On July 1, state officials of South Carolina will focus their auditing investigation on 110,000 companies. With fewer than 100 employees each, the companies under investigation will be required to show that their employees are authorized to work in the United States and that they are complying with South Carolina’s Illegal Immigration Reform Act.
The majority of businesses under scrutiny are those most often guilty of employing foreign workers – landscaping companies, farms, restaurants, hotels, construction firms, and golf courses.
Larger companies of SC were audited last fall and the vast majority – 94% - were found to be in compliance. However, officials are not expecting a 94% rate this summer – “There may be some confusion,” said Jim Knight, communications director for the state Department of Labor, “We definitely don’t expect a 94% compliance rate.”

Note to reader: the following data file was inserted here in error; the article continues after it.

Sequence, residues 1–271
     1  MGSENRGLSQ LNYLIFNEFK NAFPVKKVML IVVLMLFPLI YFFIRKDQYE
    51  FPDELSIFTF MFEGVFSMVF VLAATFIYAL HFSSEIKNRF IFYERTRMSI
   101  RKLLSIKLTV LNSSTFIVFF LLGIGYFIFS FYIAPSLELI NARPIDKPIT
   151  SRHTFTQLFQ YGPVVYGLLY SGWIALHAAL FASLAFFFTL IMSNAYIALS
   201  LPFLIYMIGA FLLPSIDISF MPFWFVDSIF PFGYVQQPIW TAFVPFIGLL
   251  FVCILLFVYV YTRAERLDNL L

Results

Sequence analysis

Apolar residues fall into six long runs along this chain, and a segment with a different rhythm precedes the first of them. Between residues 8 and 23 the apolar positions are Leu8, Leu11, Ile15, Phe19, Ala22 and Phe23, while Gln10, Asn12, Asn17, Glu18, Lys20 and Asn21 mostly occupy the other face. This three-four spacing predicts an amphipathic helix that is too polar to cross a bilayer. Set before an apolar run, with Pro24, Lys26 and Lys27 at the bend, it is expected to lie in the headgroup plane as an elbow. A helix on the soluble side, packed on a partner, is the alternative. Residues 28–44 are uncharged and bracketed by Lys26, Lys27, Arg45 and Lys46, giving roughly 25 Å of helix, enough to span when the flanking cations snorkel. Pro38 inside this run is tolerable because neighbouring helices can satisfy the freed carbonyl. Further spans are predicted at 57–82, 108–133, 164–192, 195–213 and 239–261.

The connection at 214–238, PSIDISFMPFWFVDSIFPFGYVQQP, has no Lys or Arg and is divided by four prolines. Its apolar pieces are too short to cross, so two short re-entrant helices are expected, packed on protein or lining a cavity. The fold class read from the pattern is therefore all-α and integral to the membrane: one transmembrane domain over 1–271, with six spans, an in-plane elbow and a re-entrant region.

The owner of Pleasant Places landscaping in Mount Pleasant, South Carolina was fined $11,500 and another $20,000 in attorney fees after the state cited his business not just once, but twice for violating the immigration law. The business owner said he was confused over the new requirements that go above and beyond the federal requirements.
Employers must use one of two methods to verify the legal status of new workers. The can require employees to provide a South Carolina driver’s license or identification card, or a motor vehicle license from one of 26 other states whose requirements are as strict as the Palmetto State’s. Companies also can use the Department of Homeland Security’s online database, E-Verify, to verify the status of their employees.